You ran into trouble with the law several years ago and ended up being convicted of criminal wrongdoing in court. You have no interest in engaging in criminal activity ever again and consider this aspect of your past to be a learning experience, not evidence of your character.

While your intention has been to get on with your life and set a positive example for your loved ones, this can be easier said than done when you have a criminal record. People with a record are frequently stereotyped and can face significant barriers, particularly in the fields of housing and employment.

It’s important to take an impartial approach to such matters and evaluate the facts concerning workers with criminal records. A good place to start is by understanding some of the more common misconceptions about workers with criminal records.

Workers with criminal records will not perform

One common misconception about workers with criminal records is that they will not be as valuable to the team and will underperform in their role. Nonetheless, research conducted by Portland State University in 2015 contradicts these beliefs. Researchers found that workers with records actually performed better in the areas of attendance, adhering to company policies and overall conduct in the workplace.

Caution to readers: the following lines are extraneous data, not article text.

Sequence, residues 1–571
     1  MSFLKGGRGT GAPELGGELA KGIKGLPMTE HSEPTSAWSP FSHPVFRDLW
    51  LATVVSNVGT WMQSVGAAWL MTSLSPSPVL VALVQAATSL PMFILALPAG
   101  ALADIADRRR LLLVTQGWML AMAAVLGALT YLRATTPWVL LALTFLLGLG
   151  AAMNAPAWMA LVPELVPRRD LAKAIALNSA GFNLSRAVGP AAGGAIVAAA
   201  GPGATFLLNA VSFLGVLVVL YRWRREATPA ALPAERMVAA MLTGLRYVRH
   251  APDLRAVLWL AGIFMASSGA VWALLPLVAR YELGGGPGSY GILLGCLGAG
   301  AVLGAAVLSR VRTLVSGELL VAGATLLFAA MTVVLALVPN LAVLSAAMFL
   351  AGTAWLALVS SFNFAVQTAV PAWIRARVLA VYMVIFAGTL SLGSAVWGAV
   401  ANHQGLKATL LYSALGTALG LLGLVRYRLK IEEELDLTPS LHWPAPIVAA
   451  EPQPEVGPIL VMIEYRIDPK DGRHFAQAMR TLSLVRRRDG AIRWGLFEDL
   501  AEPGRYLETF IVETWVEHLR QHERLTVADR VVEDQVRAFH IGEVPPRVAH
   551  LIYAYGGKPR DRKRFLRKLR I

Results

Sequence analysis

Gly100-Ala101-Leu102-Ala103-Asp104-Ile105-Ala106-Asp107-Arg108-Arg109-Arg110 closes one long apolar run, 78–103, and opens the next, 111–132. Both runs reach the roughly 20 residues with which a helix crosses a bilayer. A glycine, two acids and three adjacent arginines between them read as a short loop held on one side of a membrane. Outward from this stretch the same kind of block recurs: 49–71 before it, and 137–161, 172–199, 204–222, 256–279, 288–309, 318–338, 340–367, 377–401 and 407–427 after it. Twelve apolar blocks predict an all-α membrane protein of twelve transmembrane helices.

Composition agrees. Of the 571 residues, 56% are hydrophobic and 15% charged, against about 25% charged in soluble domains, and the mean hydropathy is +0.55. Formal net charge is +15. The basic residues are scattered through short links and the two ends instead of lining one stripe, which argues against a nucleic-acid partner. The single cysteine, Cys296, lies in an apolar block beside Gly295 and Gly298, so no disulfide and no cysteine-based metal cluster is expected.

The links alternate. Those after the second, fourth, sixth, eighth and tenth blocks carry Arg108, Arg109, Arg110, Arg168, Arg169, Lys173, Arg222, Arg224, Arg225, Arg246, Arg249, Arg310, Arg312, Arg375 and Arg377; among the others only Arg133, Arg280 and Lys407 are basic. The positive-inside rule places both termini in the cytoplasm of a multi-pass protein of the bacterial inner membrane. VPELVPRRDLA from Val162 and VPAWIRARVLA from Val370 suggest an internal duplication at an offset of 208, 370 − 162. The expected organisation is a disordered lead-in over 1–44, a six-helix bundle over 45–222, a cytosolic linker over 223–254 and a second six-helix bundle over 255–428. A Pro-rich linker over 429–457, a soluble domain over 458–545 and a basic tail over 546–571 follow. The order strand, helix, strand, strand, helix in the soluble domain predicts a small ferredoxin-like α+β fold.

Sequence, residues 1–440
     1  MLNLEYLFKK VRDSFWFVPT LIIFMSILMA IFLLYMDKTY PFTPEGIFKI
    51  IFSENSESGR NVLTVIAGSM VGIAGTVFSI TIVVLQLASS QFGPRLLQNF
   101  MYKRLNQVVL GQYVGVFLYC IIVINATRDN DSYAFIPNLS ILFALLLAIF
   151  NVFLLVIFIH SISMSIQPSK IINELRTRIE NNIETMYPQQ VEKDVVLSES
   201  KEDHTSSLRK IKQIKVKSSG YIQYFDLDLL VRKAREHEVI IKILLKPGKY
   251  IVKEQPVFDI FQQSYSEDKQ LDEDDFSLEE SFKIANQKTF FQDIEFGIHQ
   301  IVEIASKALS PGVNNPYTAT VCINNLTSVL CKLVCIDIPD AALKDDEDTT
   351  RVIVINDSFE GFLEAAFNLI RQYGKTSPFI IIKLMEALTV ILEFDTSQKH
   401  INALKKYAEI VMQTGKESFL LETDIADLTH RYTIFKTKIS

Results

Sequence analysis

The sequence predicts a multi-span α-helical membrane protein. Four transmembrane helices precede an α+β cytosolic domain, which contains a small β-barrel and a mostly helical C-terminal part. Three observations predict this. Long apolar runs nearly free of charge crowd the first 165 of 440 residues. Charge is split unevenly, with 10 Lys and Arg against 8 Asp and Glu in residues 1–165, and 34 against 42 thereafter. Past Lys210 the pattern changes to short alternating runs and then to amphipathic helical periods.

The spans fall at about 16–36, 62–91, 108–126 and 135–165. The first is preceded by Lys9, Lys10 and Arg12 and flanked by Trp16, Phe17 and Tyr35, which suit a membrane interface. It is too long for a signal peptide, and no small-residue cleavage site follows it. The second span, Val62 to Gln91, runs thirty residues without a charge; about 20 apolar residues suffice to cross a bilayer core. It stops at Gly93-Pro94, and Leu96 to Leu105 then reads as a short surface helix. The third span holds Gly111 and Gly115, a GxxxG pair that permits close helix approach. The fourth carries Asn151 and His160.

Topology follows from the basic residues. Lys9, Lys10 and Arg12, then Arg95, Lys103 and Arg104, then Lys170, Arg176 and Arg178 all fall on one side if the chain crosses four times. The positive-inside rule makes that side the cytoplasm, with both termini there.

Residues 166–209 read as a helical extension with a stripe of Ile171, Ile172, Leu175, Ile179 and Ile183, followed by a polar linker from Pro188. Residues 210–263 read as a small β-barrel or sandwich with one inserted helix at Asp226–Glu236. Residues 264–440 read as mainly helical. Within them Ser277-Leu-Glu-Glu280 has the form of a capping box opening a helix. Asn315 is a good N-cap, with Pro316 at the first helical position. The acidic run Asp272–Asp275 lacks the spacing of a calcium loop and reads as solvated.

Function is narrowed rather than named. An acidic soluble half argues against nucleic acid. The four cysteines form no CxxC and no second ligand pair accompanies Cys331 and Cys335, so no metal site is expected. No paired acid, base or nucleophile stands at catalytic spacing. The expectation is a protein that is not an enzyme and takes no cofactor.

Hiring workers with records costs more

It costs a considerable amount to employ and train staff members. Some employers are under the impression that taking on someone with a criminal record will end up costing them even more. However, this is not necessarily the case. In Texas, employers who hire people considered to be at a disadvantage could be eligible for a tax credit of up to $2400.

Understanding these misconceptions can help you to educate those around you who may be hesitant to employ individuals – like yourself – who have criminal records. With that said, if you are in a position to expunge your criminal record, seeking legal guidance to that effect could be to your advantage. Unfortunately, employers are too often more concerned about perception than fact.